My seven year old is growing too fast. She is like a very cute and emotional weed. So I made her some skirts this week, because I happen to be a firm believer that kids need to wear clothes that cover their bums. Here's a quick run-down of my very unprofessional hack-save-as-much-time-as-possible technique:
1. Measure around the hips. I couldn't find my tape measure so I used a ribbon.
2. Choose your fabric. Skirts require surprisingly little - for my daughter's skirts, I used half a yard. (By the way, the fabric: Heather Ross's Far Far Away II that I've been hording, and some Echino dots. I think a heavier weight of fabric works best with this kind of skirt). Fold your piece lengthwise in half, and then in half again (visualize when you fold in half the first time that you are making the back of the skirt (on the bottom), and the front of the skirt (the top) - and then for that second fold, you'll be folding the whole thing right down the middle. Sorry, is that really confusing? It's kind of late as I write this). Using the same idea, fold your ribbon in half and then in half again, and put the edge of it on the top of the fabric, lined up with that middle fold. Mark the end of the ribbon (or, probably in your case, a tape measure) with chalk. The ribbon represents the waist, and on the right side of the fabric is the fold (see picture below).
3. Take a yardstick, and line it up perpendicularly from the end of the waist. Determine the angle you would like for the A-line. Totally up to you how much you want it to flare it out. Also determine how long you want the skirt to be. Mark accordingly with chalk, and cut through all four layers of the fabric on the sides. Round the bottom.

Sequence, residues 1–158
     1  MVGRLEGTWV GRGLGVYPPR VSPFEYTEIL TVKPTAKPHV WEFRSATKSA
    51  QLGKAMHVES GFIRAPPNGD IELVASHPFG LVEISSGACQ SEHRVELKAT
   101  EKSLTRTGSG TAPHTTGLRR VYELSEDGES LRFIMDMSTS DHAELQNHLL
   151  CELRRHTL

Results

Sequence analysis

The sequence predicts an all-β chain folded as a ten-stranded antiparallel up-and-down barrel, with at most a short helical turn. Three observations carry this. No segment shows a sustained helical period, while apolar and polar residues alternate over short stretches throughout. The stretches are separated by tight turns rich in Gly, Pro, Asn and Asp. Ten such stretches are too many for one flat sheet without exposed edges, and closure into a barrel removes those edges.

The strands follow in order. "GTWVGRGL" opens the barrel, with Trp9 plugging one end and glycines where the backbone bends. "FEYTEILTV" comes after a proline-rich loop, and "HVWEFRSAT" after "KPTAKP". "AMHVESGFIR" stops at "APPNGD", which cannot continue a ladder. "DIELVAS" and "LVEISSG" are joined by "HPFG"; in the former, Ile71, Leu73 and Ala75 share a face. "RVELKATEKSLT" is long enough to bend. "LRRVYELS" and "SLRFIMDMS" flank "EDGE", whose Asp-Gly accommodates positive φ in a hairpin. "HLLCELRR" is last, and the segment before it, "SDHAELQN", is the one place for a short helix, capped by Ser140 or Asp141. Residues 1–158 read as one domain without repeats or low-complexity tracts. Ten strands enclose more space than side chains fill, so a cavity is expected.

4. Unfold the fabric. It should look like this:
5. Sew the side seams. If you have an extra two minutes, you can zig zag the edges to neaten the inside - I didn't here, and it made the threading of the elastic a little bit more difficult.
6. Hem the bottom (my quick trick on these skirts: zig zag as close to the raw edge as possible, then flip the hem under just once and stitch with a straight stitch).
7. For the waist, fold over the edge twice to make a neat casing (like a tunnel) for your elastic, and sew, leaving a small space open to thread the elastic into. Because of the a-line of the skirt, it will seem a little bunchy when you fold it over, but persevere! Once you thread the elastic in to the skirt the waist will all be bunchy. On purpose.
8. Measure your daughter's waist with your elastic. You want the elastic to actually hold the skirt on so don't make it too long that it just slips off.
9. Once you've determined the right length for the elastic, use a safety pin to thread it through the casing. Stitch the elastic in place (I kind of like to make the front of the skirt flatter, with most of the elastic gathers in the back), and voila, all done. If you are not interrupted by a sad baby, mad that she wasn't allowed to eat buttons from the button jar, you may even finish this in less than thirty minutes.